To Substitute Another Thirst

If there’s one theological commitment that unites both sides of the same-sex marriage debate, it’s semi-Pelagianism. Taking its name from the fourth-century monk Pelagius, semi-Pelagianism may be thought of as a theological mood or a set of impulses that’s opposed to a strong doctrine of original sin. Fearing that talk of our broken wills may hamper moral striving, the semi-Pelagian stresses perfectibility as a motive for action. Continue Reading »

Explosive Business in North Dakota

The “Official Portal for the North Dakota State Government” lists that commonwealth’s nicknames as the Peace Garden State, the Flickertail State (something to do with squirrels, evidently), and the Roughrider State. Most Americans know today’s North Dakota as the Fracking State, where fortunes are being made in the energy industry. Catholics in the United States may soon know North Dakota as the cutting edge of Catholic higher education reform. Continue Reading »

Ruthless Optimism

Mormon culture, especially in America, exhibits what I call “ruthless optimism,” which is the habit of unreasonable striving to be (or perhaps to appear to be) happy regardless of circumstance. This perpetual optimism is both ridiculous and endearing to outsiders, but for those within the faith, the association of righteousness with happiness can create incredible strain. If you’re not happy, is it because you’re doing something wrong? Congratulations: now you have two reasons to be unhappy. This pressure is compounded by the Mormon emphasis on evangelizing: how can you be an effective missionary if you’re depressed? Continue Reading »

The End of Negative Theology

When I was in graduate school in the eighties, negative theology was all the rage because it seemed like such a blessing. What better form could a theologian give to the confounding perplexities of deconstruction and the metaphysical obfuscations of postmodernism? Not willing to admit that radical theology was merely reactive, I wrote my dissertation on Karl Barth’s Epistle to the Romans to show that Barth was Derrida avant la lettre. I have since repented of such foolishness. Evangelism is the best retort to questions about our ability to speak about God. As St. Paul said, “I believed, and so I spoke” (2. Cor. 4:13). In the act of witnessing, ambivalence and indecision melt into air. Continue Reading »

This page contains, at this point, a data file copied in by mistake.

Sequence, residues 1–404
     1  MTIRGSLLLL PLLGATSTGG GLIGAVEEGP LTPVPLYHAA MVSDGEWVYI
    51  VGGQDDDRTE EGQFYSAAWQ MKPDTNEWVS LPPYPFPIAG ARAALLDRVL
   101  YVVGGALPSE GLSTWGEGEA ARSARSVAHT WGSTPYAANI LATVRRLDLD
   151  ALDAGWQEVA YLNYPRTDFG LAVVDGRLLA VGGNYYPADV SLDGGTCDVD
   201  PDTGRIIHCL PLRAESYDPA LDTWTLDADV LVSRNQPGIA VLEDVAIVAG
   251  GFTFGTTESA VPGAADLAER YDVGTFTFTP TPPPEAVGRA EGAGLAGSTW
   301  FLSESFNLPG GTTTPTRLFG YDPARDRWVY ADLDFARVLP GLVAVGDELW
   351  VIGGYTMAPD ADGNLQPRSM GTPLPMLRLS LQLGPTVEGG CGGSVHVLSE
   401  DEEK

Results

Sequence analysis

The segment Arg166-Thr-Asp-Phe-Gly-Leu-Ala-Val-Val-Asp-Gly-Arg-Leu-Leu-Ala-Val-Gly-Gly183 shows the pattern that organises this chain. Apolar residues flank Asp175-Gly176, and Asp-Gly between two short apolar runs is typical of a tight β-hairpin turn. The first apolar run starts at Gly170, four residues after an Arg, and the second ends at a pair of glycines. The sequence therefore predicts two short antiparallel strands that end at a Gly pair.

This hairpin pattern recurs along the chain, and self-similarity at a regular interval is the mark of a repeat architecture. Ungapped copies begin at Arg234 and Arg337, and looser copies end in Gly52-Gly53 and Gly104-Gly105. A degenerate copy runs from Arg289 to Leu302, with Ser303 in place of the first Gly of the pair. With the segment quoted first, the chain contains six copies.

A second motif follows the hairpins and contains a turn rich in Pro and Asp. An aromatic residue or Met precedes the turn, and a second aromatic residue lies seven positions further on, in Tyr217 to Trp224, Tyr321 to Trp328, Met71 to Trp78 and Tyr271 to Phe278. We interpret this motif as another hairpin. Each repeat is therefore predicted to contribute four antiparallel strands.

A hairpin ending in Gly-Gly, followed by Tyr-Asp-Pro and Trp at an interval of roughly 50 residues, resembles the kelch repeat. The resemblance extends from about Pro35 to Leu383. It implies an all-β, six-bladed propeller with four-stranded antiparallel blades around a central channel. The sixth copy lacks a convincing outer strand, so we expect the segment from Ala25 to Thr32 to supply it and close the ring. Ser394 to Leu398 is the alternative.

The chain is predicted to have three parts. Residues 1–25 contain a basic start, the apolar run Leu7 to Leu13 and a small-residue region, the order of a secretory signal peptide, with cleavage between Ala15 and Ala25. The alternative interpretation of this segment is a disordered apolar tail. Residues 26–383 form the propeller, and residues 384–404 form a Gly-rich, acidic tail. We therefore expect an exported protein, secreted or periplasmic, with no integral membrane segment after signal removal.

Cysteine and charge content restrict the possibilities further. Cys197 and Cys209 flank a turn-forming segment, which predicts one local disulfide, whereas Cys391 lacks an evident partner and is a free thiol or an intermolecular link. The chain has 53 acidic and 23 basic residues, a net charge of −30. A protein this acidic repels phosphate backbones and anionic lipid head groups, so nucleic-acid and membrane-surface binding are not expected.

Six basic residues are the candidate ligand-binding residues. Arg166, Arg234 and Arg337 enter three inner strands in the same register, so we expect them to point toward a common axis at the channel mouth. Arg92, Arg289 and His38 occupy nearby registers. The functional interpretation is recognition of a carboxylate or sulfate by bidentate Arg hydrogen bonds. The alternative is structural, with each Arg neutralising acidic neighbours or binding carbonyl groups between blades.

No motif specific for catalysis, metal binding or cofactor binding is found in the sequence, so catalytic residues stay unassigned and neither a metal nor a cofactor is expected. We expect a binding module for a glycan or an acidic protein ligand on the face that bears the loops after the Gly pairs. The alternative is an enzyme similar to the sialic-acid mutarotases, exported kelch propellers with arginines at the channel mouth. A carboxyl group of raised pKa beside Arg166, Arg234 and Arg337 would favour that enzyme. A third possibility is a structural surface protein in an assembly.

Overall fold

Faithful Unto Death

The ancient city of Smyrna, located on the site of today’s Izmir in Turkey, the gateway to Asia and stepping-stone to Europe, is sacred soil because of what happened there one Sunday, around 2:00 in the afternoon, in February of the year 155. On that day, Polycarp, the eighty-six-year-old leader of the Christian church in Smyrna, was cruelly put to death by fire and sword because he refused to renounce Jesus Christ. “For the blood of thy martyrs and saints shall enrich the earth, shall create the holy places,” wrote T.S. Eliot. “For wherever a saint has dwelt, wherever a martyr has given his blood for the blood of Christ, there is holy ground, and the sanctity shall not depart from it.” Continue Reading »

Uphold Doctrine, Avoid Discrimination

Earlier this month, the California State University system decided to stop recognizing InterVarsity Christian Fellowship as a campus organization. This was far from being the first time that a campus ministry has faced such a challenge. Perhaps most famously, several years ago Hastings College of the Law withdrew recognition from the Christian Legal Society, resulting in a 2010 Supreme Court decision in favor of Hastings. InterVarsity itself has previously faced a number of challenges at a number of institutions such as Vanderbilt, SUNY Buffalo, and others. Continue Reading »